Retained hemothorax and/or empyema is a commonly recognized complication of penetrating chest injuries that may be treated by early video-assisted thoracoscopy (VATS). However, the use of VATS in blunt chest trauma is less well defined. Our acute care surgeon (ACS) group aggressively treats complications of penetrating chest trauma with VATS, and our results suggested that the early use of VATS by ACS should be expanded.
A retrospective review of Trauma Center admissions between January 2007 and December 2009 was performed to identify patients with blunt thoracic injuries who underwent VATS.
Eighty-three patients underwent VATS to manage thoracic complications arising from their blunt chest trauma. All operations were performed by ACS. The majority of patients (73%, 61 of 83) were treated with VATS for retained hemothorax, 18% for empyema (15 of 83), and 10% for persistent air leak (8 of 83). All (15) patients who developed empyema had chest tubes placed in the emergency department. No patient treated with VATS for a persistent air leak required further operation or conversion to thoracotomy. VATS performed ≤5 days after injury was associated with a lower conversion to open thoracotomy (8% vs. 29.4%, p < 0.05). Hospital length of stay (LOS) was significantly lower for patients receiving VATS ≤5 days after injury (11 ± 6 vs. 16 ± 8, p < 0.05). No patient treated with VATS ≤5 days had persistent empyema; however, five patients treated with VATS for retained hemothorax or empyema >5 days after injury required further intervention for thoracic infection. Multivariate analysis demonstrated that both a diagnosis of empyema and VATS >5 days after injury were predictors of increased LOS and increased conversion to thoracotomy.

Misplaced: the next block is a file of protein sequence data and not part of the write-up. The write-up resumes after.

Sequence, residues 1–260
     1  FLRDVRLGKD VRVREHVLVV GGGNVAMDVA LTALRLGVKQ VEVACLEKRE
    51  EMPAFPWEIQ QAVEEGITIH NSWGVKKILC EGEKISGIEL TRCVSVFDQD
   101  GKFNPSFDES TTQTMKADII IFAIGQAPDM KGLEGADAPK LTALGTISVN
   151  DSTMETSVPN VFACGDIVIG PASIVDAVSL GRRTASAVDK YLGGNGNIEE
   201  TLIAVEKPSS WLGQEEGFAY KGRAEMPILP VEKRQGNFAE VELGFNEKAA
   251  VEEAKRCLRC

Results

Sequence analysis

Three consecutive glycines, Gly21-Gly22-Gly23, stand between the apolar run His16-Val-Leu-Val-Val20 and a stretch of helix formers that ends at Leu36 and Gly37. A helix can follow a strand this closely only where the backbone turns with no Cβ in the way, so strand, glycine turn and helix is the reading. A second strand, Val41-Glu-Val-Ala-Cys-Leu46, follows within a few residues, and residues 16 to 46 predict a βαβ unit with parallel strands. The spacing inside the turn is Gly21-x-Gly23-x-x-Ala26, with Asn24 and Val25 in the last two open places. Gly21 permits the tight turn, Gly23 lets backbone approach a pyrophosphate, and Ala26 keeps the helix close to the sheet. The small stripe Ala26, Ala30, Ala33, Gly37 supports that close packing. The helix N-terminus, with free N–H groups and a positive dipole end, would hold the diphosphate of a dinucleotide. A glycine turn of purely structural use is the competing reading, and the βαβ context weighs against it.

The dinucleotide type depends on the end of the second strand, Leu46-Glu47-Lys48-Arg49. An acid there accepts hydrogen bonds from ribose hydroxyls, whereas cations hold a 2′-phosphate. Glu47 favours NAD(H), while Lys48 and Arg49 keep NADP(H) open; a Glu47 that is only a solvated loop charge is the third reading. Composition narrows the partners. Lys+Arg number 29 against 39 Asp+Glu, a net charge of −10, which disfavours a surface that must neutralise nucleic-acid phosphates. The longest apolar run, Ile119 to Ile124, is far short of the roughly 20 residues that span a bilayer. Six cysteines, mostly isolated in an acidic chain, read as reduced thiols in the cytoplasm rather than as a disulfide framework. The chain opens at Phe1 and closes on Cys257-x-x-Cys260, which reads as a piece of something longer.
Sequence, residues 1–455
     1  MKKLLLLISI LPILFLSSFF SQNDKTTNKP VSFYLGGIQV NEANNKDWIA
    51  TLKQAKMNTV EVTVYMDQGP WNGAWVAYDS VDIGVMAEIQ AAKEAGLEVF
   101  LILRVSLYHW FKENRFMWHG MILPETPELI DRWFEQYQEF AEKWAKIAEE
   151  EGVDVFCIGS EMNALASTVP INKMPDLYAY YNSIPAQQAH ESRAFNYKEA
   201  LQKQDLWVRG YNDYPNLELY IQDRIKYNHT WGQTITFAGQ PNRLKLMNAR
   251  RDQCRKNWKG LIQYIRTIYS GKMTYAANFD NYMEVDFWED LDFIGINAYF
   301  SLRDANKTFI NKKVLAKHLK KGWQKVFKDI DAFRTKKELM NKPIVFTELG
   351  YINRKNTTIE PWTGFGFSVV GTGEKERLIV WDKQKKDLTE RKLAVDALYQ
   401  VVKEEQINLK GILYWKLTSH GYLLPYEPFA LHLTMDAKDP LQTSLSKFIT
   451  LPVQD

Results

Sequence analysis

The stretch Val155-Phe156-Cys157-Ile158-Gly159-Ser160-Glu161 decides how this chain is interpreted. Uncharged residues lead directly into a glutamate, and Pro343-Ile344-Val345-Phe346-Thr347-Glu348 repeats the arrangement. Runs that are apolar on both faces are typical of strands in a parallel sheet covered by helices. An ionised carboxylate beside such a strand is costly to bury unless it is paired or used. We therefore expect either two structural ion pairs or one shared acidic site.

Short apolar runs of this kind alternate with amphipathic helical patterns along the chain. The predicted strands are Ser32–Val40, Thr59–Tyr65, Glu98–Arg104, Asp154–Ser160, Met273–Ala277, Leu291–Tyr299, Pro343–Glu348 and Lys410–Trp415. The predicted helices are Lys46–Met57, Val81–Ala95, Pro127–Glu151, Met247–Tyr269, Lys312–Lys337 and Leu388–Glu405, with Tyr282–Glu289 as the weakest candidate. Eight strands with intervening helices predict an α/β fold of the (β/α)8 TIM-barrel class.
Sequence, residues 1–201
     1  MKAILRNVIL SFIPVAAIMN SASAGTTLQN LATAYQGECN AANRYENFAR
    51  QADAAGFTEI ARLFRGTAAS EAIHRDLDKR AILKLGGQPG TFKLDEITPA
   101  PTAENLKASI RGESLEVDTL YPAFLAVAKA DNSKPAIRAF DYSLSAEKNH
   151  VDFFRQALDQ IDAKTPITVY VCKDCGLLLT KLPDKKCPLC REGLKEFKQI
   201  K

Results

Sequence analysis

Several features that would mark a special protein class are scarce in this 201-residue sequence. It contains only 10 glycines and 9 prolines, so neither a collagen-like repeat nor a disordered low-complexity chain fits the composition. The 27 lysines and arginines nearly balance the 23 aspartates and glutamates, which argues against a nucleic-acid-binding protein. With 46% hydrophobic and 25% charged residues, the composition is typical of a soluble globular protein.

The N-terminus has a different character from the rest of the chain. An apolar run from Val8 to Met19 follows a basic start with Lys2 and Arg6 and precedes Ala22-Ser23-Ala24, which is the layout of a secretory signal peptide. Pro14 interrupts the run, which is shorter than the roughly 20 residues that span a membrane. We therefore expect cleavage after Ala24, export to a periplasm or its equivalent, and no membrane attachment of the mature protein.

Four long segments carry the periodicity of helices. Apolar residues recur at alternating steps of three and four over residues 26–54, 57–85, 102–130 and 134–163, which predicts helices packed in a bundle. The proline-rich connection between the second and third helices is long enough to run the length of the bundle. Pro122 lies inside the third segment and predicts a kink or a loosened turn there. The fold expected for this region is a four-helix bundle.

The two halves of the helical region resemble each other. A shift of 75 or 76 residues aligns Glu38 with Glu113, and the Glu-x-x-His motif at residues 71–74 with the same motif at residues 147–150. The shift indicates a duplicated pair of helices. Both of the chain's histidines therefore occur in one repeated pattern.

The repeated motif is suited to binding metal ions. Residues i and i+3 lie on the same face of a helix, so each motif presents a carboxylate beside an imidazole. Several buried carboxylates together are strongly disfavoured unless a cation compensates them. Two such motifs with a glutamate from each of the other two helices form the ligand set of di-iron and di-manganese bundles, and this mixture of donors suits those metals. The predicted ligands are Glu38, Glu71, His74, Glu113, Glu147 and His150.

Early VATS can decrease hospital LOS and thoracotomy rate in patient suffering blunt thoracic injuries. ACS can perform this procedure safely and effectively.
From the Division of General Surgery, Department of Surgery, University of Louisville, Louisville, Kentucky.
Submitted for publication January 5, 2011.
Accepted for publication April 29, 2011.
Presented at the 69th Annual Meeting of the American Association for the Surgery of Trauma, September 22–25, 2010, Boston, Massachusetts.
Address for reprints: Jason W. Smith, MD, Department of Surgery, ACB 2nd Floor, 550 South Jackson Street, Louisville, KY 40292; email: firstname.lastname@example.org.